What is a yacht club

A series of articles on the history of the WYC by Volker Göbner
Published in the Schwäbische Zeitung (on January 12, 2011)

Part 2: 1918-1935

The First World War abruptly slowed the rapid growth of the Royal Württemberg Yacht Club, founded in 1911. The port was made available to the Bodensee-Flotille, a border troop, and some of the leading KWYC members also did their military service here.

With the end of the war came the revolution that forced King Wilhelm to withdraw from his throne. Accordingly, he officially resigned from the office of commodore of the KWYC, but was still listed as an honorary member and respected accordingly. The initiator of the yacht club died on October 2, 1921.

Over time, but also accelerated by the heavy motor boats, the access channel to the port silted up and had to be dredged in 1919. In particular, the procurement of the fuel for the excavator caused difficulties. After that, sailing operations could be resumed, as hardly anything of the equipment (lead keels and sails) confiscated during the war had disappeared. The first week of Lake Constance after the war began in August 1920 in Friedrichshafen. The KWYC already had 358 members again!

In the midst of the inflation, four sailors from Lake Constance went on an adventurous trip in 1923, including Franz Plunder and KWYC sailing master Joseph Ledergerber, two members of the KWYC. They wanted to cross the Atlantic with the 14-meter-long yacht "Sowitasgoht V", which was built by boat builder Plunder in Bregenz. "Take a closer look at them, they are drowning anyway," said a woman when she was launched in Bregenz, which an unimaginable 12,000 people wanted to see at Easter 1923. But Plunder and his fellow sailors started in Hamburg at the end of June and actually arrived after 61 days at sea in New York, where they were celebrated heroes. For the first time, such a nutshell had successfully crossed the Atlantic.

At home, however, they were quickly forgotten. A completely different problem was faced here with the huge inflation. In 1925, the KWYC acquired the large hall of the Dornier-Flugwerft in Seemoos as a winter storage hall and leased the area from the House of Württemberg.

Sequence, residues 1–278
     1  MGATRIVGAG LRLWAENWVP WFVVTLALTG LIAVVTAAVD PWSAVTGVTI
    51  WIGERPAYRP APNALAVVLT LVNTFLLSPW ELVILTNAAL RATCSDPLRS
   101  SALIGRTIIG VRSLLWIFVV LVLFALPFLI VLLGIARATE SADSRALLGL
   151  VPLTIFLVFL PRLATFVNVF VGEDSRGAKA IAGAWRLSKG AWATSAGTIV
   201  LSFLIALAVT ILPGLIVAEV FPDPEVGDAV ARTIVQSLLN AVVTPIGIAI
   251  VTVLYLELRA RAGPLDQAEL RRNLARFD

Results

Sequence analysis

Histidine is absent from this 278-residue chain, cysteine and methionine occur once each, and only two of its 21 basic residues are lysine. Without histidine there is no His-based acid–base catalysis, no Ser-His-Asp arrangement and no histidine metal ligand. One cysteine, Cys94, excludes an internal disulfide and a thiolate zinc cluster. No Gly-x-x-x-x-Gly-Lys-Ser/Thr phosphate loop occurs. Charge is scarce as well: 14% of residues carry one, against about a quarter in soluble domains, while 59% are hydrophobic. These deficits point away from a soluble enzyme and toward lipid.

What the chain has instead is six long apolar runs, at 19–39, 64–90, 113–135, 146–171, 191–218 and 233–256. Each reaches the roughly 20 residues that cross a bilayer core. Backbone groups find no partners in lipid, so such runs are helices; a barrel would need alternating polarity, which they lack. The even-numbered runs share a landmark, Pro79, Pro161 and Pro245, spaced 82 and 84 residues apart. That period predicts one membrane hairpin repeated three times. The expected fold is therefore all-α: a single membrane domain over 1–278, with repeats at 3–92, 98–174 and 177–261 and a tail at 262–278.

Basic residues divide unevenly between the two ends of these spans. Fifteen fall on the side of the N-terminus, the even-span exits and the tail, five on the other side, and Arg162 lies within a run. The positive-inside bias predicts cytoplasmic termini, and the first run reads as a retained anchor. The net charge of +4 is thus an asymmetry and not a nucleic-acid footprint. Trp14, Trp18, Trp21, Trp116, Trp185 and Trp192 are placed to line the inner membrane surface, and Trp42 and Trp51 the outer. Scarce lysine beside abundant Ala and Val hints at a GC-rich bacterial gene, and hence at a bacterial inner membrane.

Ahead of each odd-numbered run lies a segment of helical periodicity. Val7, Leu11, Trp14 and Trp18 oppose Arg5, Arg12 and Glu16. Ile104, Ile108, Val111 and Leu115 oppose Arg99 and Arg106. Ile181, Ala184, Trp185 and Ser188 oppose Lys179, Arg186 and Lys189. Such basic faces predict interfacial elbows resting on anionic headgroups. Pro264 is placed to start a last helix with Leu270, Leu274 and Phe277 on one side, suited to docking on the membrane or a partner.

The presidency of the first chairman lasted 15 years before Carl Freiherr von Gemmingen-Guttenberg handed over the management of the KWYC to the Ulm manufacturer Max R. Wieland in 1926. Very few documents from this period have survived, as the club's archive and the clubhouse burned down on a night of bombing in 1944. Wieland ran the club with heart and mind - that much has been handed down. He was a passionate and successful sailor and as an entrepreneur he also had the economic well-being of his beloved club in mind.

The Ulm entrepreneur Max R. Wieland (on the right in the white sweater) was President of the Königl from 1926 to 1935. Württemberg yacht clubs. He successfully sailed with his yachts "Seewiesel" and "Bettina", which can be seen here in the picture.

In 1934 Wieland fell seriously ill. The general meeting was even moved to his place of residence in Ulm. At that time a different wind was blowing in Germany, which the freedom-loving sailors didn't really like. The club had to change its statutes for the first time during this period. Wieland became the “club leader”, formally the other board members were now to be appointed - but that didn't really change anything in terms of staffing. Wieland died in 1935, and was succeeded by Wilhelm Krose from Langenargen.

With a heavy heart, the Royal Württemberg Yacht Club had to remove its club flag in September 1935. Because with great effort up to the Reich Chancellor and with the consent of the Emperor, the KWYC, directed by King Wilhelm, had provided the black-white-red national flag with the royal coat of arms, the shield with the three stag antlers and the royal crown above it. The members have proudly carried this exclusive flag on their boats since 1913. Their forced parting was correspondingly painful.

The KWYC was to undergo some changes during the time of the Third Reich.

The sporting competition flourished in the 1920s: the Konstanzer “Föhn” (O5) and the “Hadumoth II” (P128) from Otto Magirus from the Royal Württemberg Yacht Club often met on the lake.